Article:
About this book
A human rights-based agenda has received significant attention in
writings on general development policy, but less so in forestry. "Forests and People" presents a comprehensive analysis of the rights-based agenda in forestry, connecting it with existing work on tenure reform, governance rights, and cultural rights. As the editors note in their introduction, the attention to rights in forestry differs from 'rights-based approaches' in international development and other natural resource fields in three critical ways.
First, redistribution is a central demand of activists in forestry but not in other fields. Many forest rights activists call for not only the redirection of forest benefits but also the redistribution of forest tenure to redress historical inequalities. Second, the rights agenda in forestry emerges from numerous grassroots initiatives, setting forest-related human rights apart from approaches that derive legitimacy from transnational human rights norms and are driven by international and national organizations. Third, forest rights activists attend to individual as well as peoples' collective rights whereas approaches in other fields tend to emphasize one or the other set of rights. "Forests and People" is a timely response to the challenges that remain for advocates as new trends and initiatives, such as market-based governance, REDD+, and a rush to biofuels, can sometimes seem at odds with the gains from what has been a two decade expansion of forest peoples' rights. It explores the implications of these forces, and generates new insights on forest governance for scholars and provides strategic guidance for activists.
1. Introduction: The Rights-based Agenda in International Forestry
I. Global perspectives: Introduction to the Section
2.The Global Forest Tenure Transition: Background, Substance, and Prospects
3. Indigenous Peoples' Rights and the Jurisprudence of the Inter-American Human Rights System
4. Human Rights-based Approaches to Conservation - Promise, Progress... and Pitfalls?
II. What claims find support?: Introduction to the section
5. Affirmative Policy on an Uneven Playing Field: Implications for REDD
6. Advancing Human Rights Through Community Forestry in Nepal
7. Forest Devolution and Social Differentiation in Vietnam
III. Whose Claims Are Considered to Constitute Rights?: Introduction to the Section
8. The Challenges of Developing a Rights-based Approach to Conservation in Indonesia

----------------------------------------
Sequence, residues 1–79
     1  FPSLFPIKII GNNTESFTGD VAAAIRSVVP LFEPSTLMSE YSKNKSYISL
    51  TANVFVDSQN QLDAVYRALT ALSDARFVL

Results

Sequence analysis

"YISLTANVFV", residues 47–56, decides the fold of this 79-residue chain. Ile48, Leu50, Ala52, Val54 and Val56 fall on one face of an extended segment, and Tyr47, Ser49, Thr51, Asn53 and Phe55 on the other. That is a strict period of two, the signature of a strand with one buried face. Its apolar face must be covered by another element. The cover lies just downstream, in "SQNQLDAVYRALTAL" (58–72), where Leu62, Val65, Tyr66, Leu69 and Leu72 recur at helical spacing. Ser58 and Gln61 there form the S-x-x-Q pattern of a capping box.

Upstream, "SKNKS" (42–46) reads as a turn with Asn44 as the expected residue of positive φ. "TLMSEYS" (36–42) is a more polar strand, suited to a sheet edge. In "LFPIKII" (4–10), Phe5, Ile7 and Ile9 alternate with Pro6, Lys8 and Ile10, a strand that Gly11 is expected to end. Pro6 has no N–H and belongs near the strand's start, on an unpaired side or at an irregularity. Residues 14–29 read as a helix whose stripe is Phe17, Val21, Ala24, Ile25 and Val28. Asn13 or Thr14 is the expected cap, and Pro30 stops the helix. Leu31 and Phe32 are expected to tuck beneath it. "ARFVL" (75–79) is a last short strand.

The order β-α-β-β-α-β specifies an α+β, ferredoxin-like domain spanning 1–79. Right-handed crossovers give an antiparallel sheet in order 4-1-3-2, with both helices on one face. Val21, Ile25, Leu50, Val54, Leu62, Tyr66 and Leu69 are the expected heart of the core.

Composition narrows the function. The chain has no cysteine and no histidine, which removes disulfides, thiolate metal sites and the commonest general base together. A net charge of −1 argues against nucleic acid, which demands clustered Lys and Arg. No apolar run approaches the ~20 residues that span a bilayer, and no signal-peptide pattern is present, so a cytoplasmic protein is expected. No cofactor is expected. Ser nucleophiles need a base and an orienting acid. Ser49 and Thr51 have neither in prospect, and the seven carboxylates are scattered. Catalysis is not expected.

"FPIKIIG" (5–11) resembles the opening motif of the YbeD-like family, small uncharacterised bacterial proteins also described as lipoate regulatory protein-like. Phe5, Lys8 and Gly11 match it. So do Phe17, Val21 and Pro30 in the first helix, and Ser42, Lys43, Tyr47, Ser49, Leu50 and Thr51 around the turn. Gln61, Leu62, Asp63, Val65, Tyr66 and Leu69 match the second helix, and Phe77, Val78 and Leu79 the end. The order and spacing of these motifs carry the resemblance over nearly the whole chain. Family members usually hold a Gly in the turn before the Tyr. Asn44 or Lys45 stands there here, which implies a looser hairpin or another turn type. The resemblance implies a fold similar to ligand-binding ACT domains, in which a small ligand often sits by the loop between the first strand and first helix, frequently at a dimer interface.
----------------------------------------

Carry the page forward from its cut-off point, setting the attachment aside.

9. Rights Evolution and Contemporary Forest Activism in the New Forest, England
10. Advocating for Traditional Native American Gathering Rights on US Forest Service Lands
IV. What Authorities Recognize Forest People's Rights?: Introduction to the section
11. Who Represents the Collective? Authority and the Recognition of Forest Rights
12. Tenure Rights, Environmental Interests, and the Politics of Local Government in Romania
V. What political Strategies Serve Rights Recognition by the State?: Introduction to the section
13. Women's Action and Democratic Spaces Across Scales in India
14. Building Coalitions Across Sectors and Scales in Cambodia
15. Forest Based Social Movements in Latin America
16. A Way forward: Forest Rights in Times of REDD+
Thomas Sikor has conducted research on forest tenure and politics over the past two decades, including fieldwork in Vietnam, Albania, and Romania. He holds a PhD in Energy and Resources from the University of California at Berkeley and currently is Reader in International Development at the University of East Anglia. Sikor has guest-edited a number of special journal issues and books on topics ranging from community and land reform to property theory. In his activist work, he promotes the expansion of economic, political and cultural rights to disadvantaged people in Vietnam.
Johannes Stahl works on natural resource governance and institutions in agriculture and forestry. He holds PhD and MA degrees in Agriculture and Social Anthropology and was a Ciriacy-Wantrup Postdoctoral Fellow in Natural Resource Economics and Political Economy at the University of California at Berkeley from 2007 to 2009. Stahl's research has examined forest use practices and institutions in Bolivia and Albania. He lives and works in Montreal, Canada.